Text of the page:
by Linda Sattgast
(Photoshop users: scroll down for instructions.)
Ever since Adobe introduced new Type tools in Photoshop Elements 10, scrapbookers have had type options that come close to emulating Photoshop. One of the new tools was the Text on Selection tool. This tool can be frustrating, however, if you try to use it as designed. Here’s where most people start: with the Text on Selection tool itself.
You are offered the Quick Selection Brush for making a selection, but it seldom does a good selection job. Thankfully, there’s an easy workaround:
• Use any other selection technique you desire to get a selection outline. For example, to get a curved selection outline to use with the template pictured below, in the Layers panel, I Ctrl clicked (Mac: Cmd clicked) on the thumbnail of the curved template layer to get a selection outline. Fast and easy.
• Once you have your selection outline, get the Text on Selection tool and click once inside the selection. This tricks the tool into thinking it created the selection outline and gives you a check mark and a cancellation mark.
• Click the check mark to accept the selection. This turns the selection into a path.
Don’t Skip This Next Step!
• At this point, you have no idea what your alignment is. Alignment options don’t appear until after you click on the path, so I recommend resetting the Text on Selection tool.
Warning: If you change the alignment after clicking on the path, the text will jump to another spot on the path—usually the exact opposite of where you clicked.
That’s why I recommend resetting the tool. The default is Left Alignment, so at least you’ll know where to click on the path.
• To reset the Text on Selection tool in Photoshop Elements 11, open the menu to the far right in the Tool Options and choose Reset Tool. In earlier versions, this menu will be to the far left in the Options Bar.
Now You’re Ready To Type
• If you took my advice and reset the tool, hover your cursor over the path where you want your type to start. (Don’t just click anywhere on the path.)
• When your cursor changes into an I-beam with a slash mark, that means you can click on the path to initiate a type layer.
• As soon as you click on the path, a new type layer will pop up in the Layers panel.
• Now type what you want to say. You may need to adjust the font, size, or amount of the type to make it fit in the allotted space.
• Click on the check mark to commit the type.
• After committing your type, you may want to move it. Get the Move tool and use the Arrow keys to nudge it into place. I moved mine below the curve and changed the color to white.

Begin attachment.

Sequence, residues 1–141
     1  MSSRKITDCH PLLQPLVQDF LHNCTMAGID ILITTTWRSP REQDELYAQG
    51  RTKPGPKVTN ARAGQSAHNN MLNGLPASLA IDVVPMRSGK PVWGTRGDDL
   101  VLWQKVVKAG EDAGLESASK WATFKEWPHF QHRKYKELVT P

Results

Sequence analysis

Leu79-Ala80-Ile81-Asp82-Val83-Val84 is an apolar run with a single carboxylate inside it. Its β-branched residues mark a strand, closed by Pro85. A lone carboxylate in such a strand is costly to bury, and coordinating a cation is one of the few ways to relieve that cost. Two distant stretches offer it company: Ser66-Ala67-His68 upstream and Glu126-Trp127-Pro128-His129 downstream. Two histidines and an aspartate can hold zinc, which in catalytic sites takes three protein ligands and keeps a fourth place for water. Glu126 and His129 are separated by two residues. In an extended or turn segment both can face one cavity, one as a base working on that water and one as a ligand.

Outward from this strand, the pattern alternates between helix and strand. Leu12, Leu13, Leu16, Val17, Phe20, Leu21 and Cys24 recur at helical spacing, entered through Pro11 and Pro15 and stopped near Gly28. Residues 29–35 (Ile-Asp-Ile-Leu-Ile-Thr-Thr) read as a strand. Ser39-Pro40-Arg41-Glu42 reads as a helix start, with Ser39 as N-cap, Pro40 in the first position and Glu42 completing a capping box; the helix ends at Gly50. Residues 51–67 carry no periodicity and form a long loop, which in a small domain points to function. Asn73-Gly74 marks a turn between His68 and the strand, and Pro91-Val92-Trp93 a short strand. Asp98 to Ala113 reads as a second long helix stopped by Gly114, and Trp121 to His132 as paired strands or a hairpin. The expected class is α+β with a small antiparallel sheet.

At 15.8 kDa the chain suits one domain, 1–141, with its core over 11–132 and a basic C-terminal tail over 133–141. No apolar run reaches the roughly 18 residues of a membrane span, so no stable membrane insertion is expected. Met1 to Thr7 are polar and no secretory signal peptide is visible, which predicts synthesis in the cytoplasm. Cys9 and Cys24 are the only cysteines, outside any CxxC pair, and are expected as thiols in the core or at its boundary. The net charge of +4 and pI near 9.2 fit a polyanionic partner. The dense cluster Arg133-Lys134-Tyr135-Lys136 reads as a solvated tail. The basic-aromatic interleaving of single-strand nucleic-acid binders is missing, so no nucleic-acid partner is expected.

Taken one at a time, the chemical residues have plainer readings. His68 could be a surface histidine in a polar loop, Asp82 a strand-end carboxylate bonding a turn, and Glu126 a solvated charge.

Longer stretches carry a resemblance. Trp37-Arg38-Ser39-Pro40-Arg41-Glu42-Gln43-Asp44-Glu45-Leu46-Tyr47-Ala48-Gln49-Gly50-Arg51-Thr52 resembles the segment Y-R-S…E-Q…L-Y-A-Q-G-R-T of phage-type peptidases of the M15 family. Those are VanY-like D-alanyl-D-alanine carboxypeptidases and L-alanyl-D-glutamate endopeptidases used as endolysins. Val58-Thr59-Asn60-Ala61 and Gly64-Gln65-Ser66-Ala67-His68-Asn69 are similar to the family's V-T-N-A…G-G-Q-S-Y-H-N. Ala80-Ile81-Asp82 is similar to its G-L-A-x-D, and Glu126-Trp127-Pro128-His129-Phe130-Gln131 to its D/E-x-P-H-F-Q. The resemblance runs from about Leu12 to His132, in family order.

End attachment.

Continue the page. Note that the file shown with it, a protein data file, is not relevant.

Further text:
If you want to try the Text on Selection tool using the same template I used, click here to download the template.
• Ctrl click (Mac: Cmd click) on the thumbnail of the curved template layer to get a selection outline.
• Open the Paths panel (Window > Paths).
• Open the Paths flyout menu and choose Make Work Path.
• In the dialog box, click OK to the default tolerance of 1 px.
• Get the Horizontal type tool.
• In the Options Bar, select your font, size, and alignment.
• Decide where on the path you want to place your cursor. Choose a spot that goes with the alignment you selected. If you’re using left alignment, click where you want your type to begin. If you used center alignment, click in the center of where you want the type to appear.
• Hover your cursor over the path where you plan to click. When your cursor changes to an I-beam with a slash, that means you can click on the path to initiate a type layer.
• Once you type your words, you may need to adjust the font, size, tracking, or amount of the type to make it fit in the allotted space.
• Click on the check mark in the Options Bar to commit the type.
• After committing the type, you may want to move it. Get the Move tool and use the Arrow keys to nudge it into place. I moved mine below the curve and changed the color to white.
Here’s my finished page:
Photos and page by Linda Sattgast
Template from Under the Pier collection by Carol Gilmour (modified)
Paper from Duty Honor Country Kit by Etc. by Danyale and Family Tree Papers by Joanne Brisebois
Photo frame cluster by Jen White using Duty Honor Country by Etc by Danyale
Scattered leaves from Senior Yearbook by Kitty Designs
Type overlay from Travel Mates Post Card Overlays by Susie Roberts
Staple from Travel Adventure by Linda Sattgast
Fonts: Hero Light and Myriad Pro
Quote: “Quiet is peace. Tranquility. Quiet is turning down the volume knob on life. Silence is pushing the off button. Shutting it down. All of it.” Amir in The Kite Runner